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Social and economic indicators can be used to support design of sustainable energy systems. Indicators representing categories of social well-being, energy security, external trade, profitability, resource conservation, and social acceptability have not yet been measured in published sustainability assessments for commercial algal biofuel facilities.

Organization:
DOE
Author(s):
Rebecca A. Efroymson , Virginia H. Dale , Matthew H. Langholtz
Funded from the U.S. Department of Energy, Office of Energy Efficiency and Renewable Energy, Bioenergy Technologies Office.

This project looks at the potential of blending ethanol with natural gasoline to produce Flex-Fuels (ASTM D5798-13a) and high-octane, mid-level ethanol blends. Eight natural gasoline samples were collected from pipeline companies or ethanol producers around the United States.

Author(s):
Teresa L. Alleman
Funded from the U.S. Department of Energy, Office of Energy Efficiency and Renewable Energy, Bioenergy Technologies Office.

The objective of this work was to measure knock resistance metrics for ethanol-hydrocarbon blends with a primary focus on development of methods to  measure the heat of vaporization (HOV). Blends of ethanol at 10 to 50 volume percent were prepared with three gasoline blendstocks and a natural gasoline.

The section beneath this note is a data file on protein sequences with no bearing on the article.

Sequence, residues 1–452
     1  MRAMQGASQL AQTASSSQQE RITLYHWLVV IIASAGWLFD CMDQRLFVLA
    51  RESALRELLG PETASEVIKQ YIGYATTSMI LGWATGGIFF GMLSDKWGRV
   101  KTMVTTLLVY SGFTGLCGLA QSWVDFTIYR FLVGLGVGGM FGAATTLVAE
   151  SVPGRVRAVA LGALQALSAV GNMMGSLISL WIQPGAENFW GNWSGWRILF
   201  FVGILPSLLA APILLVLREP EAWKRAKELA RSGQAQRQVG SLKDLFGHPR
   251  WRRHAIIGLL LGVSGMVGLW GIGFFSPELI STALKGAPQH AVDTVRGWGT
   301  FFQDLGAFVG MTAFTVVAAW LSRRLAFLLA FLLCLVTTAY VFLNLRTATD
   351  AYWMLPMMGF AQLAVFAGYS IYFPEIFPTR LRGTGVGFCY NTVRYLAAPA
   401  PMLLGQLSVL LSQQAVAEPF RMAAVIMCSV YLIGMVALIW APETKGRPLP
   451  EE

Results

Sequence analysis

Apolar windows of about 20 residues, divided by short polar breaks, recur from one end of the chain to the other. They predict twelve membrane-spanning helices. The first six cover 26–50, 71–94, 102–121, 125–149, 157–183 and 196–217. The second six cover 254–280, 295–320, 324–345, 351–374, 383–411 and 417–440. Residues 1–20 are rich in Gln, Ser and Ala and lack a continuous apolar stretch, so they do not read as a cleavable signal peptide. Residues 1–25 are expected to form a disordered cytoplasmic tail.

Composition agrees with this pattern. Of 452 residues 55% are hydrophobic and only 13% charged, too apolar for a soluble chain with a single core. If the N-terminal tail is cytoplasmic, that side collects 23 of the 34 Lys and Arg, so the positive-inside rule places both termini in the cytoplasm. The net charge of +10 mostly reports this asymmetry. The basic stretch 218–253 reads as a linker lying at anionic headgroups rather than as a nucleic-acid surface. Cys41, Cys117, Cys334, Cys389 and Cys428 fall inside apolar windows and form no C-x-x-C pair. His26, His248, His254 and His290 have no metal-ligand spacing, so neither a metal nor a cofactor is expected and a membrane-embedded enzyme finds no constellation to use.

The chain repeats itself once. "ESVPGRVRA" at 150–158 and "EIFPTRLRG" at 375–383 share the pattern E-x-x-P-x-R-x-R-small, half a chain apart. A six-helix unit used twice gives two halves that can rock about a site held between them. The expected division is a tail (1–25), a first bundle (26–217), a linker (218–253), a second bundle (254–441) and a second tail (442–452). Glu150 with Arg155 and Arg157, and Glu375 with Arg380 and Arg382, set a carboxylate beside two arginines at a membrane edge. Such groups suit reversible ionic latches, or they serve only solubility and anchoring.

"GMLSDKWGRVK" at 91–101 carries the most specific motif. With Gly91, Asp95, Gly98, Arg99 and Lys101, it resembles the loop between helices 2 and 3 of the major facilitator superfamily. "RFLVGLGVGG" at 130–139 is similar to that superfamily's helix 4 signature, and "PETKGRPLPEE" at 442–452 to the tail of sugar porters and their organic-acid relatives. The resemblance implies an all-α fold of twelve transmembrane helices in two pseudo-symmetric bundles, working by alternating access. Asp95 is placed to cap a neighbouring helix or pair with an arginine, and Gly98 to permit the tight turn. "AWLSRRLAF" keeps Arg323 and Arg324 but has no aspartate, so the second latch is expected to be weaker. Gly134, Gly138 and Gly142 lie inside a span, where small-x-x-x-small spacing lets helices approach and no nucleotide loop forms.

Author(s):
Gina M. Chupka
Funded from the U.S. Department of Energy, Office of Energy Efficiency and Renewable Energy, Bioenergy Technologies Office.

High-octane fuels (HOFs) such as mid-level ethanol blends can be leveraged to design vehicles with increased engine efficiency, but producing these fuels at refineries may be subject to energy efficiency penalties.  It has been questioned whether, on a well-to-wheels (WTW) basis, the use of HOFs in the vehicles designed for HOF has net greenhouse gas (GHG) emission benefits.

Author(s):
Jeongwoo Han
Funded from the U.S. Department of Energy, Office of Energy Efficiency and Renewable Energy, Bioenergy Technologies Office.

The compatibility of plastic materials used in fuel storage and dispensing applications was determined for an off-highway diesel fuel
and a blend containing 20% bio-oil (Bio20) derived from a fast pyrolysis process. Bio20 is not to be confused with B20, which is a
diesel blend containing 20% biodiesel. The feedstock, processing, and chemistry of biodiesel are markedly different from bio-oil.
Plastic materials included those identified for use as seals, coatings, piping and fiberglass resins, but many are also used in vehicle

Funded from the U.S. Department of Energy, Office of Energy Efficiency and Renewable Energy, Bioenergy Technologies Office.